OTTUMWA — The Ottumwa school district has made changes to ensure all students are challenged in a way that matches their ability.
Course or grade acceleration has existed in the district for a number of years. Students have often gone to advanced-level classrooms for a subject in which they excel or, in less common circumstances, have skipped a full grade ahead of their classmates.
However, there has never been a district-wide standard by which students are selected for advancement or how much they advance. In the past, each school had a different policy regarding student advancement, and the process wasn’t very open.
“The reason we have a district-wide policy is so every building has a systematic process,” explained Breanna Hinmon, TAG facilitator for Liberty and Douma.
A more streamlined, district-wide policy has now been established. Now, a student’s teacher or parent may nominate the student by filing a District Acceleration Request Form (available on the school district’s website) with the student’s school’s TAG facilitator.
From there, the student will be assessed by a team of educators familiar with the student, during which their test scores and school work will be evaluated and the student’s instructors will be be asked to review the student’s ability.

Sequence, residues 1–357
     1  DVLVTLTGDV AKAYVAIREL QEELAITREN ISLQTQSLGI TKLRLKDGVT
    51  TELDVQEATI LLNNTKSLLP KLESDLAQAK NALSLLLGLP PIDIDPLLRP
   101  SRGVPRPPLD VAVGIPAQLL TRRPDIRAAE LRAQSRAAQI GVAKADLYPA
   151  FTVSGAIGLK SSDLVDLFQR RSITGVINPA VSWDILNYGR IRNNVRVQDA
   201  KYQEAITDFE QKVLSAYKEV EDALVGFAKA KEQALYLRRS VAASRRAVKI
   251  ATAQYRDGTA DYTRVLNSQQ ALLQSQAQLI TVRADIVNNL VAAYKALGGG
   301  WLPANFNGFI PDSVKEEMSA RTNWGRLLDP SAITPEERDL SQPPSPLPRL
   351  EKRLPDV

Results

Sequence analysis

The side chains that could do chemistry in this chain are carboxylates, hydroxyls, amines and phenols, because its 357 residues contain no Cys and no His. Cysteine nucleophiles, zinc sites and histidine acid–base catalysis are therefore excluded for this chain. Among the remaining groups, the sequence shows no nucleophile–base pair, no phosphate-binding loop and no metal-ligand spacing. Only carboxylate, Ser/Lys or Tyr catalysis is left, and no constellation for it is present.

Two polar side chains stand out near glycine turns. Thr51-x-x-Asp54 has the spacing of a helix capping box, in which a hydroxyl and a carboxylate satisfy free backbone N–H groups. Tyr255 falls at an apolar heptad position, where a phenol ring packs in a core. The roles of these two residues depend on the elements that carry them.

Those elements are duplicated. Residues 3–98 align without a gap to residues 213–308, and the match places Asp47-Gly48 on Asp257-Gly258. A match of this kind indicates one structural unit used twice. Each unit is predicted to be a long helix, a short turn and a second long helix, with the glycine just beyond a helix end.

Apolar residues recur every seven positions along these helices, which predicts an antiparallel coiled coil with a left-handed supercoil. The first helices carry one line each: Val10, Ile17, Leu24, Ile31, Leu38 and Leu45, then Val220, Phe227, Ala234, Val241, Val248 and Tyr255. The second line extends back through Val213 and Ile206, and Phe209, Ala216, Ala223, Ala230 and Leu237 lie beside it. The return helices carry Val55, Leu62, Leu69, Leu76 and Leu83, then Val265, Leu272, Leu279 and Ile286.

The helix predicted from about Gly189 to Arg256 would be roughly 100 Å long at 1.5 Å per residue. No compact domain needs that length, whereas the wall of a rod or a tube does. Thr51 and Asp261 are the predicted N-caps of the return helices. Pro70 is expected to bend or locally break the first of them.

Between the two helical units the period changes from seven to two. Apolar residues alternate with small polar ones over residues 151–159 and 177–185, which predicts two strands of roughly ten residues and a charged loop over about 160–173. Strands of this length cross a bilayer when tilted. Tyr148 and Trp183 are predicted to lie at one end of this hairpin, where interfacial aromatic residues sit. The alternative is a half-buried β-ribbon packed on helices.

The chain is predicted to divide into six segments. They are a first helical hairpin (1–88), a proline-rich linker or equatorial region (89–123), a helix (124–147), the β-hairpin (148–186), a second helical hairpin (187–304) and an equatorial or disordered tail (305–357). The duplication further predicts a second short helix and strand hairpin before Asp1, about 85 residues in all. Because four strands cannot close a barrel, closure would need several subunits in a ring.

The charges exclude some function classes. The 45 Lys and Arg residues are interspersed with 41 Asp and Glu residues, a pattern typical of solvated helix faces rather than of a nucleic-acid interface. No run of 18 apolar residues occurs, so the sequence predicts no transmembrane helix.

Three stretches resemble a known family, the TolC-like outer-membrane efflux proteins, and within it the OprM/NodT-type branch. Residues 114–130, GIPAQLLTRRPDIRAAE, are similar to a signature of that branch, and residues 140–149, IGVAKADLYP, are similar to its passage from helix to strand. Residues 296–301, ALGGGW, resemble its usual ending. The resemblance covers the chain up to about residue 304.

After a period of approximately three weeks, the student’s acceleration will either be approved or disapproved. If disapproved, the student must wait a semester or one full term before they can be nominated again.
The new process is also far more open than it had been in the past. Not only are a nominated student’s parents now more closely involved, but the entire procedure is overseen by the student’s teacher, guidance counselor, TAG facilitator, curriculum and instructional leader, and the teacher who will receive the student for their accelerated lessons. All will be assessed and approved by the director of Student Supports.
Some concerns were raised at the board meeting as to whether policies like this could negatively impact a student’s emotional development. Board member Nancy Manson was especially concerned about students who, because of advancement, would need to go between buildings (elementary school to middle school or middle school to high school) and be in an environment for which they are unprepared.
However, as Hinmon pointed out at the meeting, a student’s level of maturity is one of many factors that would be considered during their assessment. Furthermore, it’s quite rare that a student be advanced an entire grade level. Instead, students more often remain among their peers and simply change classrooms for the subject in which they excel.
In the rare instances that a student would need to go between buildings, the district would take care of their transportation. This is a longstanding practice already.